In this crop share lease the tenant is given special inducement to keep livestock. One of the greatest faults of most cropshare methods of rental is that the landlord's share of crops is sold from the farm and the tenant keeps only enough livestock to consume his own share of the crop. This is usually not enough livestock to keep up the fertility of the land or to give the tenant the most profitable farming business. Farm records in Indiana show that over a period of years the most profitable systems of farming are those in which sufficient livestock is kept to consume most of the crops produced in a normal year. The livestock keeps up the fertility of the soil economically, utilizes roughage that cannot be marketed directly to advantage and gives more efficient use of man and horse labor by furnishing employment at times when work is not needed on crops.
On a rented farm the amount of livestock kept, and in fact, the entire farming system followed, depends largely on the lease used. This lease is therefore written with the thought of encouraging the tenant to keep considerable livestock by the following provisions:
(1) The tenant must have at least a certain acreage in legume hay and can have as much of this hay for feed as he has livestock to which to feed it economically. If he does not feed all the hay, the receipts from its sale are shared equally with the landowner.
(2) The tenant has the privilege of buying the landlord's share of corn and small grains at slightly less than market prices, for feeding on the farm, but if he does not purchase it for feeding he must deliver it to market for the landlord.
These two provisions are somewhat new in Indiana, but the value of the first of these inducements has been demonstrated by over fifty years of successful leasing on fifty-six farms in another State (see U. S. Farmers' Bulletin 437).
Although these provisions may seem to favor the tenant, the landlord who gives these inducements will benefit on account of the increase in fertility of the farm, his greater profits through increased crop yields, and his having a tenant who is satisfied in following a profitable system of farming.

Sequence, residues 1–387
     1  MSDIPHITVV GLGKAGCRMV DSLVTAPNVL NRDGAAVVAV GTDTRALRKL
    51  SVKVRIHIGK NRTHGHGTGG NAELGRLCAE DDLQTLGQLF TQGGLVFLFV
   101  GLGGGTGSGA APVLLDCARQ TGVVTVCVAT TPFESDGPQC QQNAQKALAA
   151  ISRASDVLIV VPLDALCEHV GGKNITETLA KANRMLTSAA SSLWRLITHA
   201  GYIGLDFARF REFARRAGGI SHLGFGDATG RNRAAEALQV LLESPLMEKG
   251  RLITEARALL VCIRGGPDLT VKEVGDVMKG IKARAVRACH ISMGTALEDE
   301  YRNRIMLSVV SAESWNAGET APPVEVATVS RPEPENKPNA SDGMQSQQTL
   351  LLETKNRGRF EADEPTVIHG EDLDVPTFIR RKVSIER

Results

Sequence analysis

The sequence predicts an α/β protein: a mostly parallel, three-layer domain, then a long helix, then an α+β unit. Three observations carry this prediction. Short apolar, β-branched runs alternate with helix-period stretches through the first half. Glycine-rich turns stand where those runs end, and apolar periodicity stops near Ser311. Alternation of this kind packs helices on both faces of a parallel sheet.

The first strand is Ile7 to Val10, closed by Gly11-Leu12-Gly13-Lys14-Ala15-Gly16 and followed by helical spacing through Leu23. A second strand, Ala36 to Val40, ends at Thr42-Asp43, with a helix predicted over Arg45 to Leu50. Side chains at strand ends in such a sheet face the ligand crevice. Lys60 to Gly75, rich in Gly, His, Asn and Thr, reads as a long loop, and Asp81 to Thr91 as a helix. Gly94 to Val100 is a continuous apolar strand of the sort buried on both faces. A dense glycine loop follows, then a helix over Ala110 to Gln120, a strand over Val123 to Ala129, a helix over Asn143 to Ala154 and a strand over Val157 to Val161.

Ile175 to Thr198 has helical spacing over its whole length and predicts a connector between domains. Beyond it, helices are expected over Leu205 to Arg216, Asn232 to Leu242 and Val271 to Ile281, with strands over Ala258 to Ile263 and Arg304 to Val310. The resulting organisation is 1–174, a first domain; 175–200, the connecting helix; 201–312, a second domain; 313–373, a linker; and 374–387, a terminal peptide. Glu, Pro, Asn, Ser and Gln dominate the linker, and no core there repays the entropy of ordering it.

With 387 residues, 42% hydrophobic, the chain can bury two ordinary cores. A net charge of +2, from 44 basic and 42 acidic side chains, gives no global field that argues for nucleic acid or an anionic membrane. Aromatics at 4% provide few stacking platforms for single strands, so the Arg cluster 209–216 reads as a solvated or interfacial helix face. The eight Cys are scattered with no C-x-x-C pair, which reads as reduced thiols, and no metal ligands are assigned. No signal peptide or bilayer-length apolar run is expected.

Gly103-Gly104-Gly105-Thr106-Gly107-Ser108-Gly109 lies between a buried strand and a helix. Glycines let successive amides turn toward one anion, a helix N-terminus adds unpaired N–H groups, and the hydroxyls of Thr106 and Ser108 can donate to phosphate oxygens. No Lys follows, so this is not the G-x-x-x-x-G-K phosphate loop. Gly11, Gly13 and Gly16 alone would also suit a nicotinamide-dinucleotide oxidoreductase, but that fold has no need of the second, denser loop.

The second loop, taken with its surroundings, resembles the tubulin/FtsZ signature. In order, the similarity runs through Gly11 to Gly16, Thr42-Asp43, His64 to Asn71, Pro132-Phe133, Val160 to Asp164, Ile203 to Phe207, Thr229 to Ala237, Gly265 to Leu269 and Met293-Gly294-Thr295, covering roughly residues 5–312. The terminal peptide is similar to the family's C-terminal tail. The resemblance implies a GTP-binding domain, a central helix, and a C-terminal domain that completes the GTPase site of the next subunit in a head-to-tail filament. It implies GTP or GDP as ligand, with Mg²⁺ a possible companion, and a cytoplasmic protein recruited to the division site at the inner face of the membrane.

(1) Instead of having the same division of all crops, the crops are divided more nearly in proportion to the tenant's and landlord's cost of production. Thus the tenant gets a larger share of such intensive crops as potatoes, tomatoes and tobacco than of general crops because his labor expense on these crops is proportionately higher.
(2) The tenant upon leaving the farm is reimbursed for unexhausted improvements he puts on the place. In this way the tenant is encouraged to improve the farm, knowing that if it becomes necessary for him to leave earlier than expected he will be reimbursed for such improvements.
Although this contract provides that the tenant receive fruit for family consumption before the fruit crop is divided, such a practice is merely a customary inducement that the landlord gives to secure a good tenant, and if the landlord lives near the farm and wants an equal amount of fruit for his own family there is no reason why the contract should not provide this.
It must be recognized that the provisions of this lease or any other lease, will need modifying to fit varying conditions. In a general way the landlord's furnishing of land is supposed to offset the tenant's operating expenses, the largest of which is labor. Where land is very productive and high priced, the landlord's contribution is high in proportion to the tenant's, as the tenant's expense does not increase in the same proportion as the increase in quality of land. Vice versa if the landlord furnishes poor low-priced land, his contribution is low in proportion to the tenant's, as the work in operating a poor field is nearly as great as and often greater than in operating a good field. Therefore on very good or very poor land, the division of investment, operating expenses, or share of crops should be varied to meet the conditions.